Employer Alert: New Form I-9 Clears OMB Review Process
On August 25, 2016, the Office of Management and Budget (“OMB”) approved the latest revisions to the Form I-9, clearing the way for the form to be released to the public. Ever since the current version of the I-9 expired on March 31, 2016, employers have been anxiously awaiting the release of the new form, which will now include some “smart” error-checking features (available only when completed using an Adobe PDF viewer or application). As described below, the newly revised I-9 also features several new “structural” changes and instructions which will be important for all employers to know and learn.
According to the OMB Notice of Action, the new Form I-9 will have an expiration date of August 31, 2019, a 3-year period that is consistent with previous Form I-9 validity periods. In addition, the United States Citizenship and Immigration Services (USCIS) must update its I-9 system within 90 days to reflect the changes and indicate the revision date at the bottom of the form. More importantly, however, the OMB has indicated that the USCIS may accept the current (expired) version of the form for another 150 days (which, measured from the OMB approval date, would be January 22, 2017).
Needless to say, this 150-day time extension is potentially great news for employers, many of whom struggle to stay up-to-date with the latest I-9 changes and requirements. In 2013, the USCIS provided employers with only 2 months to start using the current version of the form – hardly enough time for HR to update all of the policy documents, training materials, and procedures which go along with the I-9. To make matters worse, employers were warned that if they failed to start using the form by the deadline, they might face civil monetary penalties in the event of an audit by Immigration and Customs Enforcement (“ICE”). Talk about being caught between a rock and a hard place!
It’s important to note that as of this writing, the USCIS has not yet published the newly revised I-9 form, nor have they indicated when they will do so. The agency has not posted any information either regarding the 150-day grace period that was recommended by the OMB. Therefore, employers will have to wait and see (and avoid counting their chickens before they hatch…)
Quick Recap of Important (Structural) Changes to the Form I-9 and Instructions
In addition to the error-checking features, the 2016 version of the Form I-9 also introduces some new fields and requirements.
- The USCIS has replaced the “Other Names Used” field in section 1 with “Other Last Names Used” in order to avoid possible discrimination issues and to protect the privacy of transgender and other individuals who have changed their first names.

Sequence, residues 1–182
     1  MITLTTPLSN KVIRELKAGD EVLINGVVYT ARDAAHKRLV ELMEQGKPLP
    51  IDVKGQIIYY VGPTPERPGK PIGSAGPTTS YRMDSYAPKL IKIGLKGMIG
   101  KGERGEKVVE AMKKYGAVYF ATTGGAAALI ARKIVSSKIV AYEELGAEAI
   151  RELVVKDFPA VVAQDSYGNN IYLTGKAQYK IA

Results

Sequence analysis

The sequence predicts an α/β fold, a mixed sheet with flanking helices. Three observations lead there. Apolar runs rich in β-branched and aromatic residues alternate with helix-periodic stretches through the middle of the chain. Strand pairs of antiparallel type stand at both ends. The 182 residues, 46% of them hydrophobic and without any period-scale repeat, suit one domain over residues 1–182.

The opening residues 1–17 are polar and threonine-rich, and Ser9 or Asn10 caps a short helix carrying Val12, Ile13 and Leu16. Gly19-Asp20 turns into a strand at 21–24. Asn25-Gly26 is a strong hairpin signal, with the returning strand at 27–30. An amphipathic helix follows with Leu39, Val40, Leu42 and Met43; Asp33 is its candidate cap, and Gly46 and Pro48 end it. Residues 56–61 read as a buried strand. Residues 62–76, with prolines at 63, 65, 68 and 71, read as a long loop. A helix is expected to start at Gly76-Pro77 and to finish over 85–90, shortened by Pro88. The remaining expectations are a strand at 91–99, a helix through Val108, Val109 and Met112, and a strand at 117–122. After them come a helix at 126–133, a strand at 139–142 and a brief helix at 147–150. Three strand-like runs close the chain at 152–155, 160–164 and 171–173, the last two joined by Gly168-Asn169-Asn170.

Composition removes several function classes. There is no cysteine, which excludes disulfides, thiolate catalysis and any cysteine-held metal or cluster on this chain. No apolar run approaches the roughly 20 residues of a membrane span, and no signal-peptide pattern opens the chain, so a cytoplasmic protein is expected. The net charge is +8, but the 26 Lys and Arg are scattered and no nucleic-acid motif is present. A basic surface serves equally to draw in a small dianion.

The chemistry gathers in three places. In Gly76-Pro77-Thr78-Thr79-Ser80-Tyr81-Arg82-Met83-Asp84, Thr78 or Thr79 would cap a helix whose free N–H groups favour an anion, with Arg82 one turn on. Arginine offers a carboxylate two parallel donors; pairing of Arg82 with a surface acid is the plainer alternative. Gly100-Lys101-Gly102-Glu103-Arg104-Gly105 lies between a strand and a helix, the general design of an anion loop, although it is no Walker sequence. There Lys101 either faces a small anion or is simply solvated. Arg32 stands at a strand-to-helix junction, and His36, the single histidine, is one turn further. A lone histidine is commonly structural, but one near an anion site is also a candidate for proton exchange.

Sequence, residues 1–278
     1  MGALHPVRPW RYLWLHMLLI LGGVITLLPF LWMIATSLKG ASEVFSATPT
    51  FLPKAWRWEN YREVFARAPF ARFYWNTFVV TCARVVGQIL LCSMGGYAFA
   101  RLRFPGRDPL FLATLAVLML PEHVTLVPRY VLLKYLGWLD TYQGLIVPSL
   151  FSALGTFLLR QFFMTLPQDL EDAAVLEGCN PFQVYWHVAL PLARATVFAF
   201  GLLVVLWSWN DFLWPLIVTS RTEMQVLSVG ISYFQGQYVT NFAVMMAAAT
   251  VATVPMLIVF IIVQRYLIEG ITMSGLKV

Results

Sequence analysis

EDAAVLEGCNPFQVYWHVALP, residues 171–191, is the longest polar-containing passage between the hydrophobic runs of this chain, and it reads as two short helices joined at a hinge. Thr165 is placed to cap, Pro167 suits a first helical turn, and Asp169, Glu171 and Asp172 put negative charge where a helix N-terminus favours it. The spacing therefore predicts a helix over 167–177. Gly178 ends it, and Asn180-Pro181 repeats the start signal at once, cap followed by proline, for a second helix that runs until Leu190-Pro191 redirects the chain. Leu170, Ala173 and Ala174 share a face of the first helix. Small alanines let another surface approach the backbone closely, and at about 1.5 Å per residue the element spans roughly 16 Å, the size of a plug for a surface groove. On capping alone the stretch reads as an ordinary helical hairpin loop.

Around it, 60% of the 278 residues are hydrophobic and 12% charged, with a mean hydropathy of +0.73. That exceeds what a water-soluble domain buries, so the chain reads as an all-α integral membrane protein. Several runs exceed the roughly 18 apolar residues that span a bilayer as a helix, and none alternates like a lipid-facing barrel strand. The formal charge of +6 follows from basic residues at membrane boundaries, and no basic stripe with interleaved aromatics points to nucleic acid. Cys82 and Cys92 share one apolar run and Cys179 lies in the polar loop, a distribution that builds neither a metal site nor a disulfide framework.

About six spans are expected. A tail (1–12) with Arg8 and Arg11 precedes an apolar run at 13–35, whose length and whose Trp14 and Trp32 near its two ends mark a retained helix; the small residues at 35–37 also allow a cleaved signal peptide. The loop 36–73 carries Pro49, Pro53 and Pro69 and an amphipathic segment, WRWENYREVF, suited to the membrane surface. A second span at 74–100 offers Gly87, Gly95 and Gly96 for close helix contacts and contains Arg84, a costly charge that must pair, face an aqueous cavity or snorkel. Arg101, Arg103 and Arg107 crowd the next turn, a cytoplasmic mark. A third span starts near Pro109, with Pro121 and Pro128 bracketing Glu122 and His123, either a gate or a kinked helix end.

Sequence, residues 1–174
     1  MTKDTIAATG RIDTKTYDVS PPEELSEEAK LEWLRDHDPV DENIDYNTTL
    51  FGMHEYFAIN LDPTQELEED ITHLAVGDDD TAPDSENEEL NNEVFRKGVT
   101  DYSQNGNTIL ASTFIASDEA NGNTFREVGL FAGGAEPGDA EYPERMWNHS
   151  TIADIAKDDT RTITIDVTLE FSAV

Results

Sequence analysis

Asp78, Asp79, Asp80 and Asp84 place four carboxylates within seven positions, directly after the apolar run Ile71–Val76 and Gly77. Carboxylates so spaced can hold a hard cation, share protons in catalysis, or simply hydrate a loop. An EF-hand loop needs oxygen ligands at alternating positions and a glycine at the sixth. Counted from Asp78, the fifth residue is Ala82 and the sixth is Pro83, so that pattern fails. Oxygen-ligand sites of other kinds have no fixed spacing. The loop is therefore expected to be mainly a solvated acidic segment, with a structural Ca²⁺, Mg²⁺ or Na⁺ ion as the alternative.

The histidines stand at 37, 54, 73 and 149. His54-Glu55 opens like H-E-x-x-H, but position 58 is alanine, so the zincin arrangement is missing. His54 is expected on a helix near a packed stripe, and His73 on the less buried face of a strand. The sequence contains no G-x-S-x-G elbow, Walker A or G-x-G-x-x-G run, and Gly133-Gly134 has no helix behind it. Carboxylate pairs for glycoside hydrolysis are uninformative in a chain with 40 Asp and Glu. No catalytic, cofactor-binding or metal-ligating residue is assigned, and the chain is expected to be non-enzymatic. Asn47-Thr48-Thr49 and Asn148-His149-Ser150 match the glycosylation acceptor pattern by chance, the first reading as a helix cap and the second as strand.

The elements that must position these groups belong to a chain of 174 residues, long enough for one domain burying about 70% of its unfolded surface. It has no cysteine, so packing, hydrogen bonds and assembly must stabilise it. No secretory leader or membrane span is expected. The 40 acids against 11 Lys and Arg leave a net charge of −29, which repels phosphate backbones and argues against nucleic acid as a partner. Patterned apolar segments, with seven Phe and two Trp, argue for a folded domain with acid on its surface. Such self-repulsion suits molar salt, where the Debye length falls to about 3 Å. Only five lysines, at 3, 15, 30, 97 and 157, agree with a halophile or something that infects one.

- Section 1 has been modified to request that certain foreign national employees enter either their Form I-94 number or foreign passport information (rather than both).
- Employees who provide an Alien Registration Number/USCIS number in section 1, must also indicate whether the number is in fact an A-Number or a USCIS number (even though currently these are the same).
- If the employee does not use a preparer or translator to assist in completing section 1, he or she must indicate so on a new check box labeled, “I did not use a preparer or translator.” In addition, the form enables the completion of multiple preparers and translators, each of whom must complete a separate preparer and/or translator section.
- The USCIS has added a new “Citizenship/Immigration Status” field at the top of section 2, where the employer is expected to write the number corresponding with the citizenship/immigration status selected by the employee in section 1. For example, if the employee attested to being a U.S. citizen, the employer must write the number 1 in this new field.
- Section 2 has a new dedicated area to enter additional information that employers are currently required to notate in the margins of the form (such as TPS extensions, OPT STEM extensions, H-1B portability, etc.).
- At long last, the mysterious barcode has appeared in the form of a “QR code” that will appear (once printed) and be used to facilitate review by ICE auditors.
Lastly, as previously discussed, it’s important to remember that this new “smart” I-9 form is not an “electronic I-9” as defined in the DHS regulations. Employers filling out the new form I-9 using Adobe Reader will still need to print the form, obtain handwritten signatures, store in a safe place, monitor reverifications and updates with a calendaring system, and retype information into E-Verify (as required).
In addition, the new form will not integrate with human resource applications or enable customized workflows which are essential to organizations with distributed workforces and decentralized hiring. For that reason, medium and large employers should still rely upon a trusted electronic I-9 system to ensure complete peace of mind.
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